PRESSING ONWARD Others who have been shafted by the Nobel committee prefer to brush any chips off their shoulders and continue with their work. "It's difficult to criticize a [Nobel] prize if you haven't won it," says Yoshio Masui, whose work in discovering maturation promotion factor, the factor that spurs cells to divide during meiosis, was overlooked as three others took home the 2001 Nobel Prize in medicine for "discoveries of key regulators of the cell cycle." Masui has remained even-keeled about the decision. "So, I found something interesting," Masui says. "I dug it up, but they cleaned it up."

The Nobel Foundation isn't blind to its numerous slights over the years. Alfred Nobel: the Man and his Prizes lists occupants of "the 41st chair," a term used in 19th century France as a way of describing the people who didn’t make it into the French Academy,2 which had 40 chairs around the table in its meeting room. In Scientific Elite, Zuckerman applies the term to scientists whose discoveries have been deemed “prizeworthy” by the Nobel committee and considered to be in contention for the Nobel, but have come up short of the prize.

Yet, an asterisk such as this in the history books may be proof that what initially appears as a snub is really just providing a proving ground for ones' research. Since the publication of the "prizeworthy" list in 1976, Stanley Cohen has been removed from it; he won the Nobel Prize in medicine in 1986 for his work on growth factors.

"No one wins the first time they are nominated," says Crawford. "There are different criteria, longevity being one. They want to be absolutely certain that it's been confirmed experimentally." Crawford adds that the Nobel committee takes into consideration additional criteria, such as whether a discovery has engendered any others, and whether scientists are still active and productive in research. "They don't want the Nobel to be a pension," says Crawford.

THREE'S THE LIMIT In the meantime, many still debate why three is the magic number for the Nobel. Zuckerman believes that it is an arbitrary number. "The theory articulated to me by the Nobel Foundation was that it's always possible to identify one or two prime movers in any particular scientific contribution," Zuckerman says.

With research becoming more group oriented, more deserving people will be left out as individuals are singled out for awards. Nevertheless, Nobel or not, scientists such as Darnell will continue doing what they love, "People don't devote their lives to science because of a prize anyway," Darnell says.

Hal Cohen can be contacted at hcohen@the-scientist.com.

1. E. Crawford, "Nobel: Always the winners, never the losers," Science, 282:1256-7, 1998.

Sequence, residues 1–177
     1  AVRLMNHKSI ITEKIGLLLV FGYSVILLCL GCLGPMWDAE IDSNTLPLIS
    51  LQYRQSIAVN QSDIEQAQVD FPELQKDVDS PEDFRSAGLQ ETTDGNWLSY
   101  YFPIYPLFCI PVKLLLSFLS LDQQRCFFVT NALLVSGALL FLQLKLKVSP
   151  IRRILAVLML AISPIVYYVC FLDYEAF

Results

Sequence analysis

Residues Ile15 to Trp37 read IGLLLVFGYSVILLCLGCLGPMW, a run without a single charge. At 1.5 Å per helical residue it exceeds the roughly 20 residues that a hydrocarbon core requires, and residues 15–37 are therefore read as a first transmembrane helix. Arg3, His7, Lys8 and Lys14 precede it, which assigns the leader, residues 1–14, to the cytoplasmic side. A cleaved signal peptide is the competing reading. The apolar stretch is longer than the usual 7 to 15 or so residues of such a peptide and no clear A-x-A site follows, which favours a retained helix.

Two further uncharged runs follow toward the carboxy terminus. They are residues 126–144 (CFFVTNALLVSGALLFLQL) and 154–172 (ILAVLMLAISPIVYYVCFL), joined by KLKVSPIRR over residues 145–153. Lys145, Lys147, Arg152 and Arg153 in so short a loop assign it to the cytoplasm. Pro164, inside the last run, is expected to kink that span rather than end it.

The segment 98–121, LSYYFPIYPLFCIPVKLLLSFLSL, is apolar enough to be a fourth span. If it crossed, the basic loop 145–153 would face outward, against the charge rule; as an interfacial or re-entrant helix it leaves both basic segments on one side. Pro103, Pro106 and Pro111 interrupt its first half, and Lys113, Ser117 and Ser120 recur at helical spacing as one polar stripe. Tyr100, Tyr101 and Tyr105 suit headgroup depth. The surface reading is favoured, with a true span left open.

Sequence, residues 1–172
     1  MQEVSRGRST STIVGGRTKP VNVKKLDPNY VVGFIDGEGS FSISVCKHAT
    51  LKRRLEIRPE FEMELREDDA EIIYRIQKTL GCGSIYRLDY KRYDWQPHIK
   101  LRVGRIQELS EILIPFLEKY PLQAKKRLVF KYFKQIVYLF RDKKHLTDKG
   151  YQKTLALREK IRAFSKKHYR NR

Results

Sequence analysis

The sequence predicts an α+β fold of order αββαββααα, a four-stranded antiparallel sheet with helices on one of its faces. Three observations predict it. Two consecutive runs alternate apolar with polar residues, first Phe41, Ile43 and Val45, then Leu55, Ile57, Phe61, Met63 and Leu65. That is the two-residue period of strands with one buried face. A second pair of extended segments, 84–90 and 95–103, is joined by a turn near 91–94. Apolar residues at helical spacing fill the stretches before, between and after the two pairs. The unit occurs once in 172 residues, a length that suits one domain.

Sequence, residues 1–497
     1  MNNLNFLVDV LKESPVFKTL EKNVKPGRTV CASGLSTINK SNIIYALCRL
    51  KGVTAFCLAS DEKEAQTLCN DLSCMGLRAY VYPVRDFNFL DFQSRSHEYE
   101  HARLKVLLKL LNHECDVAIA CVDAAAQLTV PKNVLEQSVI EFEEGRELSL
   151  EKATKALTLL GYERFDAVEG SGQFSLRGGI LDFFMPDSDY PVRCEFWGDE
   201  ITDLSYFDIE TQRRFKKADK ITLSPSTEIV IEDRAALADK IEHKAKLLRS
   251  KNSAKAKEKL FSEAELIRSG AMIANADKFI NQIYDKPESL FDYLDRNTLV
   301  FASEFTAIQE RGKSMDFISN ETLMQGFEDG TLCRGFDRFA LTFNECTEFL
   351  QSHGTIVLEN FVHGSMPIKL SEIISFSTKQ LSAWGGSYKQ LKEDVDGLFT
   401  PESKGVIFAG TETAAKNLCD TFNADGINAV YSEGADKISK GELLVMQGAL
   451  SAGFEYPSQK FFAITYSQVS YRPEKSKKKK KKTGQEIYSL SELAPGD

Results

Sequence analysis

2. H. Zuckerman, Scientific Elite: Nobel Laureates in the United States, 2nd ed., New Brunswick, NJ: Transaction Publishers, 1996, p. 300.

3. D. Pendlebury, "The 1989 Nobel Prize in medicine: 20 who deserve it," The Scientist, 3[19]:14, Oct. 2, 1989.

4. www.laskerfoundation.org

5. E. Garfield, "Of Nobel class: Part 1. An overview of ISI studies on highly cited authors and Nobel laureates," Current Contents, 41:116-26, 1992. http://www.garfield.library.upenn.edu/essays/v15p116y1992-93.pdf


Illustration: Erica P. Johnson
Sydney Brenner, John Sulston, and Robert Horvitz won the 2002 Nobel Prize in physiology for their seminal work on the nematode worm, Caenorhabditis elegans, and John Fenn, Koichi Tanaka, and Kurt Wüthrich won the Nobel Prize in chemistry for developing methods to identify and analyze the structures of macromolecules.

In the early 1960s Brenner realized that a mammalian system could not be used to study cell differentiation and organ development. C. elegans became the organism of choice because of its short generation time and amenabilities to examination by microscopy and thin sectioning. By 1986 Brenner published a complete map of C. elegans' nervous system.

Sulston, who eventually teamed up with Brenner, published a cell-fate map detailing the lineage of every cell in the organism in 1983. Horvitz built on these findings by discovering death genes required for apoptosis. Together, their discoveries have provided insight into a variety of diseases and medical conditions such as AIDS, heart attack, and stroke.

Fenn and Tanaka helped refine the technique of mass spectrometry for the study of biological macromolecules; MS previously was useful for identifying only relatively small molecules.

Wüthrich received his share of the prize for advancements in nuclear magnetic resonance. He developed a method in which distances could be measured between fixed points in a molecule, allowing scientists to develop a three-dimensional image of that molecule in solution, a more natural biological setting.

These innovations have been used to identify and analyze proteins aiding in the hunt for new medicines and for the early diagnosis of breast and prostate cancer.